Last Updated: Friday - 09/24/2010
Week of March 3, 2008
Society casually dismissive of Humanae Vitae
Bishop defends relevance of 1968 papal encyclical
By DEBORAH GYAPONG
"We've seen the impact of many of the things he was foreseeing."
"We've seen the impact of many of the things he was foreseeing, if you don't respect this plan God has for us as human beings," he said.
Pope Paul warned of destructive influences on marriage, families and sexuality if the unitive and procreative aspects of "the marriage act" were separated, the bishop said.
Fabbro said the seminar also addressed the way Pope John Paul II's teachings on the Theology of the Body built on Humanae Vitae to provide "a language for talking about sexuality and the body for this day and age."
On the reproductive technology side, the seminar touched on how human beings are "commodified" when procreation is separated from the unitive dimension of marriage love, he said.
"Now we're making decisions about (reproductive technology) that seem to deal with it in a very utilitarian way that is missing the dignity of the persons behind it," he said.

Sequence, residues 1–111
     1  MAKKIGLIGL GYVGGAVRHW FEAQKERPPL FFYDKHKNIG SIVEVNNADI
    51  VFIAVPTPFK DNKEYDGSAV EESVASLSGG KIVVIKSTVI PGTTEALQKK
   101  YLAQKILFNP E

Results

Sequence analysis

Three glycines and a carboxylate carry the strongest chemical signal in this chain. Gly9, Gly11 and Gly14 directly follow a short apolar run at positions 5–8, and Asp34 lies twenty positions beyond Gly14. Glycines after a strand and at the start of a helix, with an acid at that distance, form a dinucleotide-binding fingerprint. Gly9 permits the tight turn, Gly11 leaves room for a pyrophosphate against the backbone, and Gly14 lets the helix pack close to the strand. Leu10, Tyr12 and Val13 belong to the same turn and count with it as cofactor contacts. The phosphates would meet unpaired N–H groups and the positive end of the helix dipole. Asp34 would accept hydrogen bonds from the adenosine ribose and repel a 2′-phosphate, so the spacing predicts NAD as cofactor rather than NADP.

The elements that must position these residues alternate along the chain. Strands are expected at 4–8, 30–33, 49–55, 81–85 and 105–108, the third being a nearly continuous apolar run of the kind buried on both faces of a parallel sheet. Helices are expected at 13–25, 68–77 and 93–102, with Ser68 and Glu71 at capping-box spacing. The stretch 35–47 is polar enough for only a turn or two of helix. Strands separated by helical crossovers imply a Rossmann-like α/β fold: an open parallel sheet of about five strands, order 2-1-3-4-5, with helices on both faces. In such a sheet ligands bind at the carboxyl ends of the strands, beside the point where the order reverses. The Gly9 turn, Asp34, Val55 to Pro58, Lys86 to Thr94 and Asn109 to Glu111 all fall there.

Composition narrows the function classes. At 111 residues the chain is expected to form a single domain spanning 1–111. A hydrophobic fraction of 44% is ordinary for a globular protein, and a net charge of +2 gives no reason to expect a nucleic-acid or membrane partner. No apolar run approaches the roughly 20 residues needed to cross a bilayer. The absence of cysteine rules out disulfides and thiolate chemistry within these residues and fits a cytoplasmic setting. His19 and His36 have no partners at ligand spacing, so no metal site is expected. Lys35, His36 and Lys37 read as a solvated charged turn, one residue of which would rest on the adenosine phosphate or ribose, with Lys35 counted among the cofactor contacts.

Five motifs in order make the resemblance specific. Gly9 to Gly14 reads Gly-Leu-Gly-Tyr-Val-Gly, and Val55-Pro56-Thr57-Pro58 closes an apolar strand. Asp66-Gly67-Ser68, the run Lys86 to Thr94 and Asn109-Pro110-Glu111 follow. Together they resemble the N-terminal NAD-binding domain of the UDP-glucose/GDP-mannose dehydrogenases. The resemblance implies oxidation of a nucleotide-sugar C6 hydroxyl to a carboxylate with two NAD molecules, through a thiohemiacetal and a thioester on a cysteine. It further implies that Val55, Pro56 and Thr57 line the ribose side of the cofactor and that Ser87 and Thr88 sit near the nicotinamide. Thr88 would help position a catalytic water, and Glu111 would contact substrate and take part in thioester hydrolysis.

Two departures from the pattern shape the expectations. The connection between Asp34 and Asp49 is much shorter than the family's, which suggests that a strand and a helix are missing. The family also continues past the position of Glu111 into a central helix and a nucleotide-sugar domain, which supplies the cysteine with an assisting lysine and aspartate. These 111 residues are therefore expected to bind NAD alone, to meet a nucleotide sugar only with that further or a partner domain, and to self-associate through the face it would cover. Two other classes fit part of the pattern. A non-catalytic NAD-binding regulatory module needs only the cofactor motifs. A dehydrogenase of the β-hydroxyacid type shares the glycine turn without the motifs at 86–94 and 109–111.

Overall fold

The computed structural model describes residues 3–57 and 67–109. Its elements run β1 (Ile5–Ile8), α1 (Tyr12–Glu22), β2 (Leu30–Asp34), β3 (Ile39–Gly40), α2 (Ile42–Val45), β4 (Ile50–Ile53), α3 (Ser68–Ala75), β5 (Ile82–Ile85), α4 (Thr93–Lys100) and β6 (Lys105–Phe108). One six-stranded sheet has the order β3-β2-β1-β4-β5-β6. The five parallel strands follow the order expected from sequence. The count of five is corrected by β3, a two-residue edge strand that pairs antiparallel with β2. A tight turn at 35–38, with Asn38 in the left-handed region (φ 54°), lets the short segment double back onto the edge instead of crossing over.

Participants talked about young people "being inundated" with a view of sexuality "that doesn't respect them as persons," he said.
"Our young people are hungering for an alternative and for a vision, for something they can believe in that they are not getting from the society that they live in," he said.
Catholics need to share the Church's vision for sexuality and marriage in public debate, Fabbro said.
The challenge is to announce it in a way that makes it understandable to contemporary society - not only for the people within the Church who are trying to live it out, but also for the good of wider society.
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